Frustration. Irritation. Twenty-five grand. Blowing a hundred grand. Two hundred. A million or three. Have you, your firm tossed this kind of cash at innovation? Classes. Training. Workshops. Books. Articles. It just never ends. The worst part? Nothing changes but your bank account and your time lost trying. It’s like folks seek a magic bullet, something to show the analysts or to simply engage the staff. Yet for the most part nothing changes. Innovation it seems is the most bastardized, abused word of the century. We all want it, to know how to do it, to transform our companies, our lives or at least create one winning product or solve one major crisis. What’s the deal? Why doesn’t it work? I’ve spoken to hundreds wanting success, wanting affect and it seems so many have had enough. The fact is most of these programs succeed at nothing but enriching consultants, from sole proprietors to the big boys. It’s not that these folks do not for the most part want to help – it’s simply that they cannot and likely never will. Here are the reasons why and indeed what you should look for in a great innovation offering… They’ve never truly innovated anything All too often, especially at the more granular level below simple strategy, most consultants, especially the smaller firms and indeed many of the brand or design firms actually have not innovated. You ask the products created, the sales, the incumbents destroyed, reduced and the economic impact and you get a blank stare, obfuscation and or utterly put of context information. No one cares about anything but the line, the impact and if these folks cannot prove it, demonstrate it, display it, then why did you talk to them to begin with? One must ask these very simple, upfront questions:
  • How much in annual sales have you generated for clients?
  • What margins and market share relative to the before?
  • What specific products have you launched commercially and quantifiably?
  • What specific role did you play in these efforts?
  • What were your historic roles? P&L? Marketing? R&D?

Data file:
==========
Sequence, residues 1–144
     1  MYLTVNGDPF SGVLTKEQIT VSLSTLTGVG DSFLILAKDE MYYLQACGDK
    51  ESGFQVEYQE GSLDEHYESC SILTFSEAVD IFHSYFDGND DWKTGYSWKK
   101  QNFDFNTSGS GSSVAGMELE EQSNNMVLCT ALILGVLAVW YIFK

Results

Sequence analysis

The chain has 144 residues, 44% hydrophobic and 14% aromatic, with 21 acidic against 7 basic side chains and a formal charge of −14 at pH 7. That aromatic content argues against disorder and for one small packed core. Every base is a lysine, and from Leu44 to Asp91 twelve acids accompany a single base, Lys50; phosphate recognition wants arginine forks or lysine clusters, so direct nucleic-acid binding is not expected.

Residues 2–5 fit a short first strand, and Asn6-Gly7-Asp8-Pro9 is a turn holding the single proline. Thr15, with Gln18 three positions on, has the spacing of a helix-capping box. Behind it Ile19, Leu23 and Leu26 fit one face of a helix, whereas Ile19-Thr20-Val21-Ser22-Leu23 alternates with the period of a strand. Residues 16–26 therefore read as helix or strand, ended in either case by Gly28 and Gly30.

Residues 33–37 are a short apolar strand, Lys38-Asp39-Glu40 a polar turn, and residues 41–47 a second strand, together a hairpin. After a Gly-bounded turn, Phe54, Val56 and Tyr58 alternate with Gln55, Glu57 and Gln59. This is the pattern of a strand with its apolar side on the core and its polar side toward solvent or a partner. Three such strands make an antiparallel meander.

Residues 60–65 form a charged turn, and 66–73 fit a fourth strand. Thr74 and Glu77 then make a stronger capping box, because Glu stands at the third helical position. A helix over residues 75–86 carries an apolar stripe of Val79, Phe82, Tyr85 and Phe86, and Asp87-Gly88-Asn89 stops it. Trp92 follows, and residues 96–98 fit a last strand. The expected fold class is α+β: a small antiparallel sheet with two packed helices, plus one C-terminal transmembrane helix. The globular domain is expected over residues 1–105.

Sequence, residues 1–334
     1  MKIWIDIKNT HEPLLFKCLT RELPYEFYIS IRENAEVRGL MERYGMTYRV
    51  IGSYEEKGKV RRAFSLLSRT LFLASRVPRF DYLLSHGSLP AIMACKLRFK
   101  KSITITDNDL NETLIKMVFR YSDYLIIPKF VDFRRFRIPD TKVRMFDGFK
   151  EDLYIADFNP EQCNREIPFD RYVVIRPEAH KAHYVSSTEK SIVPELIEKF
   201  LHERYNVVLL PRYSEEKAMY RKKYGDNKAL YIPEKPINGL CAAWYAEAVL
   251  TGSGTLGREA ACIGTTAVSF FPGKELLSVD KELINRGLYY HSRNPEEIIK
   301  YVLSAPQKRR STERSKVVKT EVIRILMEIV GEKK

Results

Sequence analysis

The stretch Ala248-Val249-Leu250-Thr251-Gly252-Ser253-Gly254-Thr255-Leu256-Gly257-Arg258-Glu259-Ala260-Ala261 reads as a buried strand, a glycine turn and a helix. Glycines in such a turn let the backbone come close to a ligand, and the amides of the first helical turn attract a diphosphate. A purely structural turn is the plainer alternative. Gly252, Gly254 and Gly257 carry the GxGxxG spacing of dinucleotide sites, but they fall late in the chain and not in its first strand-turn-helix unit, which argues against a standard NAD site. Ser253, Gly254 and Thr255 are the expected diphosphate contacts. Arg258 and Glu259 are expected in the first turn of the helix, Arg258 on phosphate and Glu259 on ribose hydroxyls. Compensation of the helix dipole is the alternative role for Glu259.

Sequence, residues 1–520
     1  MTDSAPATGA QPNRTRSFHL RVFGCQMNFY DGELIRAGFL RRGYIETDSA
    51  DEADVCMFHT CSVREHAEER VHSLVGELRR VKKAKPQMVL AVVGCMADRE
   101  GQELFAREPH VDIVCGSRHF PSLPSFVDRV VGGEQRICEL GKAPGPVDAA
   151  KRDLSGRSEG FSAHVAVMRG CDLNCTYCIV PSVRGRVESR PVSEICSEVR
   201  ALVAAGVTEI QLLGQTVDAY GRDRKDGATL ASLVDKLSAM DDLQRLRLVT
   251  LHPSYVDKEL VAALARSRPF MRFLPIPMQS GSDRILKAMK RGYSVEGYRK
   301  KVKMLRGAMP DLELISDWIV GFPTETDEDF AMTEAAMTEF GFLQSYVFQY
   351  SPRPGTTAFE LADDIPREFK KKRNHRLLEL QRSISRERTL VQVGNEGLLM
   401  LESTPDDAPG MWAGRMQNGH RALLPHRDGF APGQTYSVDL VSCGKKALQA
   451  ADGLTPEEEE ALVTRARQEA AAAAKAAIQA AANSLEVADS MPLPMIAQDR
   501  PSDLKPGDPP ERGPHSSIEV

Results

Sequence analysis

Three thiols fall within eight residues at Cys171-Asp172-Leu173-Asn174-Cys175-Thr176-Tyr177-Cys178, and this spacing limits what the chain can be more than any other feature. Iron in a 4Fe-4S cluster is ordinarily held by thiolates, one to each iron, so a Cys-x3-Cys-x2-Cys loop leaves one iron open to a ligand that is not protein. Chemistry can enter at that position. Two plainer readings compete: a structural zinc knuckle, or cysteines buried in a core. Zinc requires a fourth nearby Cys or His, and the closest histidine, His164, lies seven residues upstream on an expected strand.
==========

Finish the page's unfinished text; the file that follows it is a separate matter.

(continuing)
If innovation folks cannot answer these questions deeply, specifically, with public reference, walk away. It’s that simple. FYI – cool branding, cool product design is not generally innovation. It’s branding and product design. Design a whole new way to design and use a wheelchair that transforms how folks are moved and get around – great. Show me. Innovation is not an improved hamburger combination, quadruple stuff Oreos or a pizza box keeping your pizza a bit warmer longer. Real innovation is about transformation. Eliminating the need for lubricants, cutting the cost of production in half, the cost of a product by 80%, curing cancer. It’s not tweaks, twists or simple pivots. Its big stuff. Have they done anything truly transformational? So, the real question noted above is about impact, accomplishment, but for something more than the incremental. Its about big stuff. It’s about the struggle to get there, the story, the validation. Those consultants – all of them – must have had a profound impact and done what most considered impossible and at great speed and at a cost inversely proportional to the risk through time. These folks had better done this not with Brownian motion but rather with we call in Adaptive Innovation some real context. Context should be about the world the client operates in as well as that of their customer and the myriad trends that might have an impact. By example, in chemicals and materials it’s all about no energy (no heat), no solvent, speed and costs. Derivatives might include roadblocks to new product classes or generations such as enabling quantum computing, chip stacking conventionally, automotive light weighting and higher speed food and product packaging lines. Resource impacts could be loss of petroleum (maybe), bio-based and atmospherically derived raw materials like CO, CO2 and methane. Then there’s design and materials choices – by eliminating heat suddenly many more materials become options and therefor design as well. There’s politics, regulation. You get the picture. If your consultants have no idea what this is in the further context of your business, your products and your customer, again – walk away. The impact is just not likely to ever come. They claim we train your organization so that anyone can innovate These folks are the most dangerous. It’s just a lie. Sad fact is we all can’t be star baseball players like Giancarlo Stanton or great musicians like Eric Clapton. We also are not all made to be great innovators. Accordingly think you can train them is an absurdity. Those innovation degree programs? Cruel jokes. Certifications? Sad. It’s accomplishments that prove who you are. Not a piece of paper that cost you tens of thousands or companies hundreds of thousands to millions. Rather, it’s about uncovering those capable of contributing in varied ways led by those who are the true innovators capable of all noted earlier and validated by multiple examples. The great innovation folks understand this and help you to develop capabilities versus a one size fits all training program. They recommend things like putting together small multi disciplinary teams starting at the top where folks rotate in and out as management deems necessary discovering what folks are good and not and placing them and their roles where the fit makes the most sense through time. They start engagements at $100,000 and above There is absolutely no reason to spend this much cash at a singular moment at the start with virtually nothing known. It’s our view that cash spent should be inversely proportional to the risk. A great consultant should indeed offer some free time, under NDA, to provide that initial help, guidance that first leaves the client better off but even more validates their approach and capabilities within your organization’s and customer’s context. Bottom line – start free, have a 30-day exit at any time, stage the investment, no abstract training Forget abstract training – Do something real Training and workshops grounded in the academic provide no direct experience or immediate value, satisfaction and impact. They are often disconnected and have no tactile value. It’s our view that from day one, we are there to learn your world, your business, your role and what success looks like. This often gleans a few key challenges, hopes, dreams and a few nightmares that you’d like to see solved to not only help you personally but maybe garner that reputation and associated promotion. It’s here that we find that first project, that first focus to get exposed to our methodology as well as the myriad of innovation tools to choose from in the context of a real application. That’s where real learning occurs. It’s their process that’s the cure – Not! Whether today Lean Startup or Innovation Engineering, to many try and put forth the magic process. Follow these 8 easy steps using our proprietary tools and viola, you’ll get rich, you’ll win and transform the world! That’s also an absurdity. Everyone is unique, every group, every company as well as how they relate to customers and their supply chain. Accordingly, there is no magic process. Instead there are projects and opportunities and groups that change dynamically from a personnel standpoint, whether from its two different pairs to a twenty. So then with all of this uniqueness, how can there be a single, common process that’s so granular it often tales 500 pages of guidance and two years of training? Stage Gate? Good luck with that producing breakthroughs at all, let alone in a timely manner. You want to try a Shakespearean monkey experiment on your own firm? Go ahead. I’m not. Stage Gate is a giant excuse process making you think you’re in control. You’re not unless you embrace the iterative, complex, holistic chaos that innovation often is. Instead it’s principles of approach that matter and as noted, powerful context. After that, pick tools that work for your self and your unique team at a given moment. Those principles? It’s your cultural guide, how you deal with and what you deliver to stakeholders and information and decision, from customers to suppliers to board members and staff. Consultants that play you with in depth processes and checklists are never going to deliver breakthroughs. They instead will deliver bills and headaches. Do they get down and dirty? We talked about principles versus process, actually innovating versus studying it, doing real stuff versus journal stuff and cost being inversely proportional to risk. Now the last one for now…can these folks actually do innovation work? Will they get in the lab, on the plant floor, use the product, build prototypes? Do they have any creative skills that go with blood, sweat scratches, burns and dirt? If their world is limited to every idea is a good idea, a ton of post it notes, brokered ideation and process mapping, you’ve got the wrong people. For sure. You want doers, well connected folks who know they do not know everything and have the connections to help everyone know what they know that they do not even know that they do not know. These are the folks who want to learn first about you and your firm and your suppliers and customers and get in the sand box with you to do what you do. If they don’t, won’t or cannot do all of the latter, get away, far away. Final Thoughts I could add a dozen other factors but the bottom line is that if you follow the above, you’ll likely get the unmentioned rest. This is how we think having been on both sides of the fence, producing massive, transformational breakthroughs and having worked with clients to do the same – to do what they thought was impossible. I hope this leaves you off a bit the wiser or at least more critical of who you hire or put into an innovation role. Be well! Have a great Holiday Season and a terrific soon to be 2018.